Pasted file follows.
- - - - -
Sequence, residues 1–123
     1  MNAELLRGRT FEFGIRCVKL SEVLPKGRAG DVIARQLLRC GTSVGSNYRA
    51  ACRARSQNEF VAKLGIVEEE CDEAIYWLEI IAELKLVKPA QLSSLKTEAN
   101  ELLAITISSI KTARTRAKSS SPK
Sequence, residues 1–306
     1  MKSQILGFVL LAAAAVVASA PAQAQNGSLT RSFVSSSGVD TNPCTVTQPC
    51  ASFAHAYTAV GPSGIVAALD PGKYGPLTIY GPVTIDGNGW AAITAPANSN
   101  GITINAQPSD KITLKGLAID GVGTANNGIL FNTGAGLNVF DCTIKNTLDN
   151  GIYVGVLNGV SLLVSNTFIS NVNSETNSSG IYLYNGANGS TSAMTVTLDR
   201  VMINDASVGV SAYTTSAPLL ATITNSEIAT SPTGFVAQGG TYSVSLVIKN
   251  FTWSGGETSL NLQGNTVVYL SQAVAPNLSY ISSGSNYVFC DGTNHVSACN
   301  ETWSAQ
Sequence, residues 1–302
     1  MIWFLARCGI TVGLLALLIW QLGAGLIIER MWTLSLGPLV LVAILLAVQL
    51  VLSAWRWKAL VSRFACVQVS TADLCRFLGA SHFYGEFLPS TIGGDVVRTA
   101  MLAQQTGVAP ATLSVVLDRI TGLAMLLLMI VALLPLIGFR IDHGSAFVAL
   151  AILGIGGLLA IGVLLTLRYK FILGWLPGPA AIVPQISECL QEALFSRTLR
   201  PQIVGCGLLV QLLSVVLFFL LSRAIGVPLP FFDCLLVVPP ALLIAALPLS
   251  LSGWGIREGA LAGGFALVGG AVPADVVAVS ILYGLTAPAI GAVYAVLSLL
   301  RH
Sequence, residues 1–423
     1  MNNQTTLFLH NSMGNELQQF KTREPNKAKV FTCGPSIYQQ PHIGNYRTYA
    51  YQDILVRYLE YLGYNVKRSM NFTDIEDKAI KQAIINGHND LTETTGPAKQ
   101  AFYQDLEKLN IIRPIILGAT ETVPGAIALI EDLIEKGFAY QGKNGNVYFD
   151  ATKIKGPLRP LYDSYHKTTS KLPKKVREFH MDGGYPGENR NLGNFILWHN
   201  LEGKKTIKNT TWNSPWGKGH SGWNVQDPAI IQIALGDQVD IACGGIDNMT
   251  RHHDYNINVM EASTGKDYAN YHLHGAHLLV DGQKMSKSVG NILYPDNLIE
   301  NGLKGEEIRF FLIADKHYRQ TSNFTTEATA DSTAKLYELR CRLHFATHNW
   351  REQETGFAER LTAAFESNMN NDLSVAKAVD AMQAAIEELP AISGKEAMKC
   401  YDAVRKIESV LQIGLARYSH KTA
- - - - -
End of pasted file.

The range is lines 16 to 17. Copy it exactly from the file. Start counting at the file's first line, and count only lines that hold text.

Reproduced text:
   101  MLAQQTGVAP ATLSVVLDRI TGLAMLLLMI VALLPLIGFR IDHGSAFVAL
   151  AILGIGGLLA IGVLLTLRYK FILGWLPGPA AIVPQISECL QEALFSRTLR